Pandemic fuelling public distrust and discrimination, Unia says
The equal opportunities group says suspicion has grown between different groups in society
Between 1 February and 19 August, Unia received 6,279 complaints, 32% more than in the same period last year. Of these reports, 1,846 (29.4%) are directly related to the coronavirus pandemic.
Reports increased after the announcement on 9 March that restrictions related to the pandemic were coming, along with the introduction of the term “social distancing”.
“This is an unprecedented crisis,” says Keytsman. “This has made some of us show the best of ourselves. But the fear has also prompted some to point the finger at others and to look suspiciously, for no apparent reason or tangible evidence, at people with Asian roots, young people, the elderly, and people of foreign origin in general. Security and safety have been put into the hands of citizens, and that sometimes undermines solidarity among individuals.”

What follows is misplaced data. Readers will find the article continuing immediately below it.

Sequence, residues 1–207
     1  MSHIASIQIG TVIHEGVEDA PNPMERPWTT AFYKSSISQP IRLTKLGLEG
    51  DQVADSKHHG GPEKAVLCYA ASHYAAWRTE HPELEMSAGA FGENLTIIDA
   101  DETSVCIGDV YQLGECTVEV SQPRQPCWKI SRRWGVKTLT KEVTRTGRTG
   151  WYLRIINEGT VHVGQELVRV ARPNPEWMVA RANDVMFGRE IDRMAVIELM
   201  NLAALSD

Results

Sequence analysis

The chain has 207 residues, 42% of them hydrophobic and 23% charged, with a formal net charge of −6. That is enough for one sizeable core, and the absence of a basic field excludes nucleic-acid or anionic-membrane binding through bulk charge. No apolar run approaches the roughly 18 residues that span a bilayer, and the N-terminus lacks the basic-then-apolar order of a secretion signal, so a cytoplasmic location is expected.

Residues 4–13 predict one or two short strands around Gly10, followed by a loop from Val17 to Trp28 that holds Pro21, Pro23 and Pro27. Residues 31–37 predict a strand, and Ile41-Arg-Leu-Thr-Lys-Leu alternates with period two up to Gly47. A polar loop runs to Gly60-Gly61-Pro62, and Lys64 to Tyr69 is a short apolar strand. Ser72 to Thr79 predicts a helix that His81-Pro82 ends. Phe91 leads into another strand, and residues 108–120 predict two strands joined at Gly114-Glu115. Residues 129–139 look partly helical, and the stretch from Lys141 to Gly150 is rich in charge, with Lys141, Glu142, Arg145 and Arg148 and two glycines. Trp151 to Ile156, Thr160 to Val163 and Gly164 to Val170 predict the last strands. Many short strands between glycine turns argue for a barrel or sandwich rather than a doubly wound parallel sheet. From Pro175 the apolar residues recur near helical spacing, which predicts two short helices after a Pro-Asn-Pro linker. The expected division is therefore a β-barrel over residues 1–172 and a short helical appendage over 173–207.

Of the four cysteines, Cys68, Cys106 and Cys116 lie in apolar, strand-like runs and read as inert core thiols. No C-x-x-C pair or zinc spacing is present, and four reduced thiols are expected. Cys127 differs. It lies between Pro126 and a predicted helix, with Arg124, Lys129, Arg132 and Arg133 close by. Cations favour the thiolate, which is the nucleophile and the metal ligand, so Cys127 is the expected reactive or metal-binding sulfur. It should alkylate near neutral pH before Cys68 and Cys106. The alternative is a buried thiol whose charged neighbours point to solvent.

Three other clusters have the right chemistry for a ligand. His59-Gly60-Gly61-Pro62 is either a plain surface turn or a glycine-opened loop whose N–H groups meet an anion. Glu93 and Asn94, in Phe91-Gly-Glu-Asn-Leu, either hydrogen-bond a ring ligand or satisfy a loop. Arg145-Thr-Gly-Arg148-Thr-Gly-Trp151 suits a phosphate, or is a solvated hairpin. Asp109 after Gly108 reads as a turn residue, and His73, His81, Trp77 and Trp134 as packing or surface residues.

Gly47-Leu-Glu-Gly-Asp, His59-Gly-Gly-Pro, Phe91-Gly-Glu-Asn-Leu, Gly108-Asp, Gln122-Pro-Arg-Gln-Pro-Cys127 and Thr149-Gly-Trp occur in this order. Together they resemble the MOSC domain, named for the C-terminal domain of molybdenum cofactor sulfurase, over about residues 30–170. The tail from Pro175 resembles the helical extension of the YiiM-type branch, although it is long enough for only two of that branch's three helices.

At the beginning of the crisis, measures came in at a rapid pace and Unia reports that vulnerable groups were often lost in the rush. Unia published a comprehensive report on the impact of the restrictions and confinement on people with disabilities in June.
Others also struggled: families didn’t always have the digital equipment to get their children to take part in distance learning. “And over-65s were advised not to see their grandchildren again,” Keytsman said. “Couples whose partners live in another country also remained separated for a long time.”
Photo: Belga/Jasper Jacobs